Friday, March 06, 2009

Respect mah workplace!

(First off - Alli, thanks for the WOT recommendation. I added it on to Firefox and hopefully it will help.)

We have a new administration on my campus. With that comes new challenges. One of which is that there are people who apparently think faculty and staff do not have enough to do.

There are all these MEETINGS. Meetings on wellness, meetings on alumni issues, bla bla bla. So far I've been immune (thanks to my teaching overload, I'm in class practically all the time people choose to have meetings).

But this week, another one came down the pike:

"Lessons for a Respectful Workplace."

It's an anti-sexual harassment (and anti-other harassment, I guess) workshop. So far we have not been required to go (and anyway, I am in class for both the sessions). But everyone in my department has had the same response to the announcement:

(furrowed brow) "Why do we need this? I've never seen anyone be disrespectful in this department and I've never felt disrespected."

My secretary (and no, before you ask, she does NOT want to be called an 'administrative assistant') says that she feels the same way. She did observe, "From what I've heard, there are places on campus where the workplace is not very respectful."

But in my department, we all pretty much like each other. We're all pretty sane, and the quirks and fidgets we have are pretty much tolerable, or, we can write them off as, "Well, I've got weird things about me that surely bug other people."

Only one time in the department did I ever feel someone showed disrespect to me - and that was someone who was leaving, and apparently burning his bridges as he went. He told one of my colleagues that he was "incompetent" (this being someone who has written two textbooks), he told another guy that he was "lazy," and he told me I had "anger issues" (because I got irritated with him ONCE, three years previously, because he did not fill out some paperwork for a project we were doing together by the due date).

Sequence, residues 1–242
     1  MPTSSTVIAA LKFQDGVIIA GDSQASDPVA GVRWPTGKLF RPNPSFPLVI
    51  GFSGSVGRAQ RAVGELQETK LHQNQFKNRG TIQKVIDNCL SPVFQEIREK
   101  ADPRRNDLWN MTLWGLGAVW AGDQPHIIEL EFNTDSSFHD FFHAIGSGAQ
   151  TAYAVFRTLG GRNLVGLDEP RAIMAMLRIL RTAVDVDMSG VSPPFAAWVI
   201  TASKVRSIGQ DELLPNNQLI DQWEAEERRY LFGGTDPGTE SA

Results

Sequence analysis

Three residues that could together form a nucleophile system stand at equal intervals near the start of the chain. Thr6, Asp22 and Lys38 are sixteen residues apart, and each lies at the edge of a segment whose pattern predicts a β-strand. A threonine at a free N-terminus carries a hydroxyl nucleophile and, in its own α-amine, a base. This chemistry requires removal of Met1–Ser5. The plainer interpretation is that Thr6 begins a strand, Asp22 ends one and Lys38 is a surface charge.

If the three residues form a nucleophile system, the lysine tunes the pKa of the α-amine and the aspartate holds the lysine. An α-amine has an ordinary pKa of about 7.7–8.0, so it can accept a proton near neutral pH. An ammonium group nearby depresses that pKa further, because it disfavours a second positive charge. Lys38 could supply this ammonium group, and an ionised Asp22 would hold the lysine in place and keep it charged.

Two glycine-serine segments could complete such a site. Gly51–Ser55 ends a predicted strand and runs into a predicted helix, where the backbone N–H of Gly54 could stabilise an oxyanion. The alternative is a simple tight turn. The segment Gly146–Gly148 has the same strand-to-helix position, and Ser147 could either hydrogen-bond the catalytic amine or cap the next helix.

But anyway - that's water under the bridge because dude is long gone, and he won't ever be back, not with what he said to us. (I think he said stuff to other people but my two colleagues were the only ones that I heard about).

So in my department, the "respect" thing quickly became a joke. We either say to each other, "ooooh, that doesn't sound like a very Respectful Workplace" or "But you're not Respecting my Workplace!" in a doleful, Eeyore-ish tone.

And then we laugh. Because the "not respectful" stuff is usually the stupid stuff that comes up - someone sends a terse e-mail, or a student expects to be given a make-up exam at a time that's impossibly bad for the prof, or something.

(Actually, we better be careful. It would not be wise to make a Respectful Workplace joke if one of the administrators happens to be in earshot).

But really, that's how we deal with a lot of stuff - with humor. Because it seems to be that when people begin to take themselves or stuff too seriously, that's when lawyers get run to. Or when the person, instead of going, "What do you mean by that?" when someone makes a silly offhand comment, go to their supervisor to get the commenter in trouble.

And to me, that seems like a cowardly way to operate. I was taught, if you have a gripe with someone, you go talk to them face-to-face first. Because, in my experience, 90% of the stuff that sounds "bad" falls into one of three categories:

a. the person made a joke and it came out really wrong and wasn't funny. And then they apologize when you ask them about it, you laugh and forgive them, and everything's cool.

b. you misunderstood them, or they didn't express them well. Then they explain it, it makes sense, and everything's cool.

c. they were in a bad mood when they said it. They apologize to you, admit that an apology and explanation don't excuse the remark, you say, "No problem, we all have bad days," and everything's cool.

In the rare cases where you feel there's some hostility, you can get a neutral third party to sit in - but I was always taught the honorable thing to do was to ask the person FIRST, before going over their head, to the lawyer, whatever, because most of this stuff is easily cleared up, and even if it isn't, it's only fair to give the person a chance to make it right.

So that's why I'm so puzzled by the whole Respectful Workplace thing. I mean, the people like my colleagues who already live it, don't need to have their time wasted. And the people who might run off to lawyers - or who might be rude, coarse, retaliative, whatever - sitting through an hourlong presentation won't change them.

I'm guessing a university somewhere in our system is being sued for being a Hostile Workplace and we're all catching it as the regents swoop in to do CYA. But still, it's annoying to be told, "You will sit in a room and we will spend two hours telling you how you are expected to behave."


Kate P said...

Ugh. Sounds like the ridiculous anti-bullying programs at school. Seriously, "No place for hate"? It's got "hate" in the title--just sounds wrong. It's elementary school.

Alli said...

No problem! Hope it helps. :-)